Michael Shmith reviews 'Sinatra' by James Kaplan

Michael Shmith reviews 'Sinatra' by James Kaplan

Sinatra: The Chairman

by James Kaplan

Sphere, $32.99 pb, 979 pp, 9781847445292

Michael Shmith

Michael Shmith

Michael Shmith was arts editor of The Age from 1985 to 1993. He was the paper’s opera critic from 2010 to 2017. He is also the

...

Just in time for the Frank Sinatra centenary – 12 December should be a gazetted public holiday – comes the thumping second part of James Kaplan's monumental biography. Taken together, Volume I – Frank: The Voice (2010, 786 pages) – and its behemoth successor, Sinatra: The Chairman (979 pages), comprise a formidable and scrupulously detailed account of the rise, fall, and resurrection of Saint Francis of Occhi Azzurri.

As the song goes, that's life; and Sinatra's life, from 1954 to his death in 1998, was one lived in full. But Volume II is a bit of a slog. By the time I reached the end of this positively Wagnerian tome – admittedly, more ring-a-ding-ding than Der Ring, but still unsparing of its subject's flaws – it took more than two fingers of Jack Daniel's to bring me round. More of this later.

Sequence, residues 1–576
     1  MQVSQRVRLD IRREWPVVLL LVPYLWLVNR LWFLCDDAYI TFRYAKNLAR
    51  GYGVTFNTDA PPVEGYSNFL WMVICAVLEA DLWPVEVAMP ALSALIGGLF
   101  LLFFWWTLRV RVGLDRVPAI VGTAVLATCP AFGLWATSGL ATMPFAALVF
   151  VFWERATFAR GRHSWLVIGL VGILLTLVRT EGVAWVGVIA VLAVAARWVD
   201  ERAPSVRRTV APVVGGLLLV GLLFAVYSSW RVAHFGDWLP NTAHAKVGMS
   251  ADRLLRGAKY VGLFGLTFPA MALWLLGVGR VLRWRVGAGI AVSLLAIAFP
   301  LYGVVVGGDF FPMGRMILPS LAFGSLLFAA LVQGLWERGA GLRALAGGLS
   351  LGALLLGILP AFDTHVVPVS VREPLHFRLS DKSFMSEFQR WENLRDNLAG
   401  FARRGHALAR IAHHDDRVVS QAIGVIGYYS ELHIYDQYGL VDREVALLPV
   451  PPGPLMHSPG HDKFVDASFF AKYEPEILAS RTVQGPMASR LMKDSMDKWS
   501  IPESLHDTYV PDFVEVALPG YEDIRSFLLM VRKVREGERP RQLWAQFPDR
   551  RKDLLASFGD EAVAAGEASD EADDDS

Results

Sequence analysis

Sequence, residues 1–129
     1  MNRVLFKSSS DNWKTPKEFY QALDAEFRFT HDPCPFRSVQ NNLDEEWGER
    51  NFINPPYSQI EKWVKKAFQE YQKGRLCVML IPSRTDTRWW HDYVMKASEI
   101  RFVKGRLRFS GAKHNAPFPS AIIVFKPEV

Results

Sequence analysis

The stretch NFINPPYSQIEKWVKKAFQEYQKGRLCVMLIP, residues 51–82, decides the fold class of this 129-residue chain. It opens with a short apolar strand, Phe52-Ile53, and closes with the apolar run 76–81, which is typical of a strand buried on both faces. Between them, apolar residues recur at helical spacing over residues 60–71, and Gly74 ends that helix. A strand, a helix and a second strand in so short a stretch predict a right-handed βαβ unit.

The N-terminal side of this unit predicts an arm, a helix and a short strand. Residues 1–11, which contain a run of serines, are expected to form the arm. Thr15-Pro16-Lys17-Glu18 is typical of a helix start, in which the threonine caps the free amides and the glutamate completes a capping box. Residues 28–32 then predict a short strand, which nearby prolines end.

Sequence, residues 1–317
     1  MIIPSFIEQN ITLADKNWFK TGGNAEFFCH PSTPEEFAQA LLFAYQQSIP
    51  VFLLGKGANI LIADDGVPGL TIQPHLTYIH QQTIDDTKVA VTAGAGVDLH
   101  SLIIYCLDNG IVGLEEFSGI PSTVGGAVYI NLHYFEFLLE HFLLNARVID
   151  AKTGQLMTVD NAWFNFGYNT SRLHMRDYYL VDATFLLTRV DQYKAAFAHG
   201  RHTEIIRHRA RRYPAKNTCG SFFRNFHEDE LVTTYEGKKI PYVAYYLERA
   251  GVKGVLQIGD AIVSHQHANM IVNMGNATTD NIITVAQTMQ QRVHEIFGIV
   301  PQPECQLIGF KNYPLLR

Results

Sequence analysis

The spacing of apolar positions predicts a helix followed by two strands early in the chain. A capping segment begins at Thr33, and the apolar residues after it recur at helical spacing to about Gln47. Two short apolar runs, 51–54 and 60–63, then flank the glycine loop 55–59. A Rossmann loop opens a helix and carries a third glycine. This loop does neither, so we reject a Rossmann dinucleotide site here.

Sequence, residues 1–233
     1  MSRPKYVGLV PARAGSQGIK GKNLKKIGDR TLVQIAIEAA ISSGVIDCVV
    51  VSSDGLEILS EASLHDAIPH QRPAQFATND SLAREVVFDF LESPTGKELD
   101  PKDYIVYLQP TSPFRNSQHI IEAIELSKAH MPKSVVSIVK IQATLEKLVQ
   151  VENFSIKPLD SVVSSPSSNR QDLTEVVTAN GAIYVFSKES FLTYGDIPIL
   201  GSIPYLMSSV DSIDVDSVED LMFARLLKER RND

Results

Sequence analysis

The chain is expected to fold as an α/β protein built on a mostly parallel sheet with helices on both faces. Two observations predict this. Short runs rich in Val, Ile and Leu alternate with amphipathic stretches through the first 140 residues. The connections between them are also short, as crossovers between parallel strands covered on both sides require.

It has been five years between volumes, and how fitting to divide such a labyrinthine, conflicted life between them. In effect, Kaplan has been dealing with two Sinatras. For proof, look no further than the pictures on the respective covers. Frank: The Voice is the rapier-slender model: fedora-topped, scrawny neck poking out of an unbuttoned shirt collar with tie askew, head cocked to the right, carefree expression. Sinatra: The Chairman shows the darker side: no longer the boy singer, but someone more worldly-worn, though clearly executive material in his charcoal jacket, striped shirt, and button-down collar securing a narrow black tie. He is hatless (toupée presumably fixed firmly in place) and looking down to the right with a serious, almost perturbed expression.

Read the rest of this article by purchasing a subscription to ABR Online, or subscribe to the print edition to receive access to ABR Online free of charge.

If you are a single issue subscriber you will need to upgrade your subscription to view back issues.

If you are already subscribed, click here to log in.

Leave a comment

Please note that all comments must be approved by ABR and comply with our Terms & Conditions.

NB: If you are an ABR Online subscriber or contributor, you will need to login to ABR Online in order to post a comment. If you have forgotten your login details, or if you receive an error message when trying to submit your comment, please email your comment (and the name of the article to which it relates) to comments@australianbookreview.com.au. We will review your comment and, subject to approval, we will post it under your name.